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  1. Trump: 'Admit Syrian Refugees'. Is Security Stopping Us, Or Bias? By Roger Algase

    In the wake of what is being called the worst humanitarian crisis since WW2, the US has admitted on a tiny trickle of the estimated 4 million refugees who have fled Syria since the start of the civil war there 4 years ago: 1,500 per year according to Justin Salhani, writing in ThinkProgress on September 9. See: Security Concerns, Islamophobia Preventing U.S. from Pitching In On Syrian Refugee Crisis

    Now, according to the above article, sentiment to admit more Syrians is growing in the US, fueled in part by the tragic photo of a drowned Syrian toddler which was widely circulated this month. Also according to this article, no less than Donald Trump himself has spoken out in favor of admitting more Syrian refugees.

    Using his typical eloquence and stirring words of inspiration, Trump was quoted in the above article as saying the following to Fox News' Bill O'Reilly on September 8 about the "unbelievable humanitarian problem" of the Syrian refugees:

    "I hate the concept of it, but on a humanitarian basis, with what's happening, you have to."


    What is stopping America from admitting a realistic number of refugees from Assad's barrel bombs and chemical weapons on the one hand, or ISIS beheadings and crucifixions, on the other?

    Of course, Americans are conditioned by the media, not to mention some of our leading politicians, to think "terror" every time we hear the word "Muslim", just as we think "ebola" whenever we hear about West Africa, or "drugs" and "gangs" whenever Mexico is mentioned.

    This is not to say that that security considerations are not extremely important, especially with regard to admitting immigrants from the Middle East. But is it really impossible to do meaningful security checks on Syrian refugees, a large proportion of whom are women and young children? Or is there also a chance that security considerations are being overblown for political reasons?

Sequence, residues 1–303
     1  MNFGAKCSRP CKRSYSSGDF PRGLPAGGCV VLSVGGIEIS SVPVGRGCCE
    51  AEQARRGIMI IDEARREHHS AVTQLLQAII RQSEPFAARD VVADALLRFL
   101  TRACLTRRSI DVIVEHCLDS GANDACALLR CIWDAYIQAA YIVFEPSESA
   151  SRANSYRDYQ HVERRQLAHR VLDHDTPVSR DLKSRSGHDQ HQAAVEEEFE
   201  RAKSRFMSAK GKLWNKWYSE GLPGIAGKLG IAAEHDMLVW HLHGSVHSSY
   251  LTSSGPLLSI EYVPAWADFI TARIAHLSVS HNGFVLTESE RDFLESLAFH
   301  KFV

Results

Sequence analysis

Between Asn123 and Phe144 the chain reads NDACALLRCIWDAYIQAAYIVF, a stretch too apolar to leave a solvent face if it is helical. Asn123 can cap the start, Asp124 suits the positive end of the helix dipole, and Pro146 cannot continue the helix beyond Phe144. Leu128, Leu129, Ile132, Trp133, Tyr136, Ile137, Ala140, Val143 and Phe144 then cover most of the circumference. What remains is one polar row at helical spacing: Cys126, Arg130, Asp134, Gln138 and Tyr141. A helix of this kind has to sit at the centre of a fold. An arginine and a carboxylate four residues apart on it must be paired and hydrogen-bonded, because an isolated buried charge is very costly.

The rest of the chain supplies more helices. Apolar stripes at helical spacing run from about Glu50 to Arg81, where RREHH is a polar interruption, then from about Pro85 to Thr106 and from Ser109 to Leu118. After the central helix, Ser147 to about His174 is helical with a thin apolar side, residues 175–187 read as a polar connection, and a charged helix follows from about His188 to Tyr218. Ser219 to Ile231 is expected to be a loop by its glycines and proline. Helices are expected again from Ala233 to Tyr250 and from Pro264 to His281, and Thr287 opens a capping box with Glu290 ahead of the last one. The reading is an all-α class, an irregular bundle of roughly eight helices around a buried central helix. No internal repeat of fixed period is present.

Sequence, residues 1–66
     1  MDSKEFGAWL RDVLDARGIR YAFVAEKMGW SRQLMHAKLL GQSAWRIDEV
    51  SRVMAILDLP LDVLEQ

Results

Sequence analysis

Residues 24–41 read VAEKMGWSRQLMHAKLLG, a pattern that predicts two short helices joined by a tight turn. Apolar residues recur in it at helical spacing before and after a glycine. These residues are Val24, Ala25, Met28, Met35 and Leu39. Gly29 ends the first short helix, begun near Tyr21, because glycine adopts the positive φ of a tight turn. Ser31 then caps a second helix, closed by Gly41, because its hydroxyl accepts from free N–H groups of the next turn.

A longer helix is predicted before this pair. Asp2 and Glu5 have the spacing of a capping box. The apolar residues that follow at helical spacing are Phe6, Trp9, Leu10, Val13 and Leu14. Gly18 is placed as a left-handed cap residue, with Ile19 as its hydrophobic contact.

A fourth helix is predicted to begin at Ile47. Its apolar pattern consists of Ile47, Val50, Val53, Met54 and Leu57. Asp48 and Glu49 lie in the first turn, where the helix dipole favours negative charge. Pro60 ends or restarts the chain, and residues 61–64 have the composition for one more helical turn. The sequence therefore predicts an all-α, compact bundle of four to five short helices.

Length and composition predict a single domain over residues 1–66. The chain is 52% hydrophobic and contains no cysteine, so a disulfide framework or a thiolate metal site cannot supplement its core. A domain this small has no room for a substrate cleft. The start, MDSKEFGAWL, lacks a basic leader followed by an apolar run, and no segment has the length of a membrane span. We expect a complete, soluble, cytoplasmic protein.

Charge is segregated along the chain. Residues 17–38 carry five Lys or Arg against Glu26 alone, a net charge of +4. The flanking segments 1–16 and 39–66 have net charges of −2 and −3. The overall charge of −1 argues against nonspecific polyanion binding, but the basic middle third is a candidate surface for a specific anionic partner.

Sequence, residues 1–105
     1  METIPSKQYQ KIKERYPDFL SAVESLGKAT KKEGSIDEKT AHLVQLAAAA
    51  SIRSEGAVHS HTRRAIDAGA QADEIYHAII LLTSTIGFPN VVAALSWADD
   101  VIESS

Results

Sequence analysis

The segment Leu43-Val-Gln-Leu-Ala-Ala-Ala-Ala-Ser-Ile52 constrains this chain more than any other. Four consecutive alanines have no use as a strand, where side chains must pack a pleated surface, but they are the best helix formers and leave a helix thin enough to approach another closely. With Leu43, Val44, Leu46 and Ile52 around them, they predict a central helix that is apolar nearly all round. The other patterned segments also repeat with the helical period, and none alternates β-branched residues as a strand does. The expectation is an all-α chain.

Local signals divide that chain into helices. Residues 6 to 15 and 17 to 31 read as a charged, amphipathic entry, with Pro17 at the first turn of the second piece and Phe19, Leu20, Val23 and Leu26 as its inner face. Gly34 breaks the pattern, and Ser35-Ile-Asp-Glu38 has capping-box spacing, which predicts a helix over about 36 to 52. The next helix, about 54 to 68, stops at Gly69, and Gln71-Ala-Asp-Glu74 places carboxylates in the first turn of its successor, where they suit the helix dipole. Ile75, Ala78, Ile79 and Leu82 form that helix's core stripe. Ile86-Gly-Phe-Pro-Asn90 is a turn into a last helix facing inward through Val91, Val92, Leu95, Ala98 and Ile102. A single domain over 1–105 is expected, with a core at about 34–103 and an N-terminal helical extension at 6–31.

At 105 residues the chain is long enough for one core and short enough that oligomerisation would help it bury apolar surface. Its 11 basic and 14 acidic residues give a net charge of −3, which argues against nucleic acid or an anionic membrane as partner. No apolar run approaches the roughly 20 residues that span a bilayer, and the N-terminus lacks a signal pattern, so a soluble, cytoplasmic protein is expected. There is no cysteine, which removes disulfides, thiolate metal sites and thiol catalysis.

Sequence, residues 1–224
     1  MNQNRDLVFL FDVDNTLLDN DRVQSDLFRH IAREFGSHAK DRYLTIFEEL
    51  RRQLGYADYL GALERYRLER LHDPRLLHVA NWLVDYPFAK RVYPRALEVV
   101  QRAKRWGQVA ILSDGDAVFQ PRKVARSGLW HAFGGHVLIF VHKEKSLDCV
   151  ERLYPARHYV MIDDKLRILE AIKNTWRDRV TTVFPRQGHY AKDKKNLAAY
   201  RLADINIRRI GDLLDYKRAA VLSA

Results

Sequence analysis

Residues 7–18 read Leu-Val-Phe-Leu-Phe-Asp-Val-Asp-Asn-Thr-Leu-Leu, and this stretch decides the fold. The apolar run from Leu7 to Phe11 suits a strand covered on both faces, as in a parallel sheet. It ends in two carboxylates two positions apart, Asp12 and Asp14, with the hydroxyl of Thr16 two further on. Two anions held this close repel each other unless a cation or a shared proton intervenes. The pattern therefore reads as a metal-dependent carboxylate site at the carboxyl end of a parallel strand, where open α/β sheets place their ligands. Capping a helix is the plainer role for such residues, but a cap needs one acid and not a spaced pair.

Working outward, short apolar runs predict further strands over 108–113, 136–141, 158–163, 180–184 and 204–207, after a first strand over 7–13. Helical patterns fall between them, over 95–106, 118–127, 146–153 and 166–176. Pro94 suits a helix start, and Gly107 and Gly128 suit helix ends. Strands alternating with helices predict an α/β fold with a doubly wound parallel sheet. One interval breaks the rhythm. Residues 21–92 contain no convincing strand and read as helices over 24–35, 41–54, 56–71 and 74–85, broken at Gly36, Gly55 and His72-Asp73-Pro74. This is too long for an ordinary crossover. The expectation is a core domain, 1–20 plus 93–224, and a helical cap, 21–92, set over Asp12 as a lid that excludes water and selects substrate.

Salhani points out that security clearances are hardly being overlooked with regard to Syrian refugees:

    "While security concerns are natural, refugees are heavily vetted by groups like the United Nations who use iris scanning technology. American intelligence agencies also coordinate with their Middle Eastern counterparts to weed out any Syrians who may have links to extremists groups. Furthermore, each refugee is thoroughly vetted by American officials before they are granted resettlement.

    'They check people so thoroughly before they arrive,' Daniel Grisgraber, a Senior Advocate at Refugees International, told ThinkProgress shortly after the hearing
    [by a House subcommittee dealing with Syrian refugees last June].'Everyone understands security concerns but we can't let worries over terrorism or counterterrorism overrule international law or humanitarian commitments.'"

    The above caveat is especially appropriate in the case of politicians such as Rep. Michael McCaul (R-Tex), who has been exceptionally vocal about the alleged security risks of letting in Syrian refugees, while having a solid, across the board, anti-immigrant record himself on everything from border fences to mass deportation.

    Security is too important, too vital to the welfare and safety of the American people, to be used as a political tool by people who may have an ideological ax to grind against immigration in general.
    Roger Algase is a New York immigration lawyer and a graduate of Harvard College and Harvard Law School. For the past 30 years, he had been helping mainly skilled and professional immigrants obtain work visas, green cards, and US citizenship. His email is

    Updated 09-19-2015 at 04:16 PM by ImmigrationLawBlogs

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